Stand-up comedians Dat Phan and Cory Kahaney will perform at this year’s Fall Show on Nov. 8th, the Yale Student Activities Committee announced in a campuswide e-mail Wednesday night.
Both Phan, who will headline the show, and Kahaney, who will be the opening act, have spent less time on the stand-up circuit than previous Fall Show headliners but come with cheaper price tags, allowing YSAC to free up funds to bring a music act to campus in February or March.
“I’m trying to make a progressive change in mainstream entertainment’s portrayal of Asian-Americans,” Phan said in an e-mail Wednesday, adding that he is excited to perform at Yale. “Many of you haven’t seen my recent comedy so I’m anxious to show off some of my new material.”
Phan — a Vietnamese immigrant whose comedic act centers around Asian-American families and issues — won the first season of the NBC reality show “Last Comic Standing,” in which Kahaney finished as a finalist.
Kahaney started a live performance show in New York that features female, Jewish comics, called “Jewish-American-Princesses of Comedy.”
Because Phan does not perform with a preferred opening act, YSAC added Kahaney to the show’s bill in hopes that their history as competitors would add chemistry to the performance, Leatherbury said.
Phan is widely known for his impression of his mother, whose heavy Vietnamese accent he imitates with phrases like, “Dat Phan, you become a doctor!”
The choice of Phan, Leatherbury said, reflects student responses to a survey sent in September. The survey included the question, “Would you be in favor of spending $5-10,000 less on the Fall Show to keep for a Winter event, such as a concert with either Gunther or Lupe Fiasco?”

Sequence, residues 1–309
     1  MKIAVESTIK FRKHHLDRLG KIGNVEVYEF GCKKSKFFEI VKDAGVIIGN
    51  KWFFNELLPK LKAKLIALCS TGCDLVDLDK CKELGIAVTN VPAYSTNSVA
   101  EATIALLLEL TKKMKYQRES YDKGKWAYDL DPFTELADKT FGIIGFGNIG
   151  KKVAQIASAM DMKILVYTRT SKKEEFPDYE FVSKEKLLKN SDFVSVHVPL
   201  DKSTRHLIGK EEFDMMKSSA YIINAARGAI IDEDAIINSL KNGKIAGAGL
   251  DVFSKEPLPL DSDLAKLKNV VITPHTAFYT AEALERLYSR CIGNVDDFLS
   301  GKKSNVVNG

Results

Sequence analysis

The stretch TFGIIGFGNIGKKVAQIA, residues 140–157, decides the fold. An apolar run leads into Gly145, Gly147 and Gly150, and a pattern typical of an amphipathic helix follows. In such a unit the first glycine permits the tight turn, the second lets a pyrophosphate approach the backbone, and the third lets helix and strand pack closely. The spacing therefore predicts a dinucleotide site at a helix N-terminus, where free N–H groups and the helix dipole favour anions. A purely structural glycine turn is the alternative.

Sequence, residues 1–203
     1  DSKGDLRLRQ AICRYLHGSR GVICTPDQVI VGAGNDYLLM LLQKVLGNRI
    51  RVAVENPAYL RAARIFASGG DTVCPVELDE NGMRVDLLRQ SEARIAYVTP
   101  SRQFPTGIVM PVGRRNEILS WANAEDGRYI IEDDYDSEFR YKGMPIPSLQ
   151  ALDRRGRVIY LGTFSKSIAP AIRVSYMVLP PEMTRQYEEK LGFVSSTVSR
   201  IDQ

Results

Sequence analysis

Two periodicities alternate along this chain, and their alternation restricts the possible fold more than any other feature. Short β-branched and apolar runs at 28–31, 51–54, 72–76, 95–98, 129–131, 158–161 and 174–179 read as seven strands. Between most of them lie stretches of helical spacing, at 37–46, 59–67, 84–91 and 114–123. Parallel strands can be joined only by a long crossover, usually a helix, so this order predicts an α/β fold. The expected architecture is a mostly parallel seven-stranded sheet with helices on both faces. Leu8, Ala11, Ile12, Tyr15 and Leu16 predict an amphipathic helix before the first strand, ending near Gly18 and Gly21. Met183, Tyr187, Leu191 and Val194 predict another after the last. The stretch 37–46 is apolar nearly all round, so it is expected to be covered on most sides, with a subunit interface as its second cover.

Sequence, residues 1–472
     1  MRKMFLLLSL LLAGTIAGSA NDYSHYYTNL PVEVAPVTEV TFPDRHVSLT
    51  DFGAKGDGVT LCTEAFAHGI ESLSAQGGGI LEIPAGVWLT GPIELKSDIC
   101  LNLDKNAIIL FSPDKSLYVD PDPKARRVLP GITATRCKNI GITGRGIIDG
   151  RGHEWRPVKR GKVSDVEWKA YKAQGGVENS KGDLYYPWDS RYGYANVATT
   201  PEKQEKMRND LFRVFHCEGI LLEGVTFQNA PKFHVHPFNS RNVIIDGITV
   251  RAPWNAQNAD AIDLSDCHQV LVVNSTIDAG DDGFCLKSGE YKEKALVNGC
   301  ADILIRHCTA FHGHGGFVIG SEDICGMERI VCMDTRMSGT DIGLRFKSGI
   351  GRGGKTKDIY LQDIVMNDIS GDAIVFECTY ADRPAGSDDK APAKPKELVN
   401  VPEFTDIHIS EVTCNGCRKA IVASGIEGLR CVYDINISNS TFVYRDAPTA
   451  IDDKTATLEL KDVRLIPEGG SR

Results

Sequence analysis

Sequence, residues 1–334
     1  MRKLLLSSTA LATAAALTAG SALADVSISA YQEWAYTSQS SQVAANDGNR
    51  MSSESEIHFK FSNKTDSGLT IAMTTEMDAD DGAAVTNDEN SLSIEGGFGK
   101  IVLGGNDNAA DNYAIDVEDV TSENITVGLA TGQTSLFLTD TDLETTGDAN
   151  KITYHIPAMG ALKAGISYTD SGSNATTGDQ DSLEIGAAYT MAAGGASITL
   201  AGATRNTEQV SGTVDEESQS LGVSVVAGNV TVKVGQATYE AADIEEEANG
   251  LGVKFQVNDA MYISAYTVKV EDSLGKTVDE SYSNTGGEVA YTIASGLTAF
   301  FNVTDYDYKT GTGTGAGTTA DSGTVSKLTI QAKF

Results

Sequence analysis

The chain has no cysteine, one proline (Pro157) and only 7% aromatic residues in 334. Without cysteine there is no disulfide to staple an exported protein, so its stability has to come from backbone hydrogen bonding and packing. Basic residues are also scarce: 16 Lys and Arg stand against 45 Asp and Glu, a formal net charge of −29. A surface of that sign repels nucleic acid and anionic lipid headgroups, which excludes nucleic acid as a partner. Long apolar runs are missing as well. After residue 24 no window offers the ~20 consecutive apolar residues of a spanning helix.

65 percent of students said yes. Of the 2,136 responses to a question asking students which low-budget performer they wanted to see, 20.4 percent of students picked Phan.
“We were glad that we were able to take student input,” said Leatherbury, “and deliver just what the survey indicated.”
Last year, comedian Mike Birbiglia headlined the fall show. Birbiglia’s appearance, which featured a joke where he dismissed Woolsey Hall as a “church,” brought over 1,000 students to Woolsey Hall. If ticket prices and sales for Phan and Kahaney are in line with last year, YSAC will save $4,000 over the cost of bringing Birbiglia to campus, Leatherbury said. Tickets for undergraduates this year will cost $6 in advance and $10 at the door, the same amount YSAC charged for tickets to see Birbiglia. Prices for non-undergraduates are $10 in advance and $15 at the door.
Leatherbury said he projects ticket sales for Phan will be on par with years past, pointing to Birbiglia’s 1,300-strong crowd as evidence that lesser-known comedians can still pack Woolsey.
Leatherbury said he hopes the money can be put toward a show, which would be co-sponsored by the student publication Volume magazine, featuring an up-and-coming musical act. Leatherbury said the show would likely take place in February or March.
“We have the winter show pretty much set now and we’re working with Volume and they’ve got a really great artist pretty much for free,” Leatherbury said, though he could not say who the artist was because contracts with the band have yet to be finalized.
Seven of 10 students interviewed said they did not know who Phan was, the remaining three said they were ambivalent about his upcoming show.
“I’m disappointed,” said Will Stephen ’11, though he added that he remembered Phan being funny on Last Comic Standing.
Other performers who scored well in Phan’s price range included Daniel Tosh, Gilbert Gottfried and Patton Oswalt.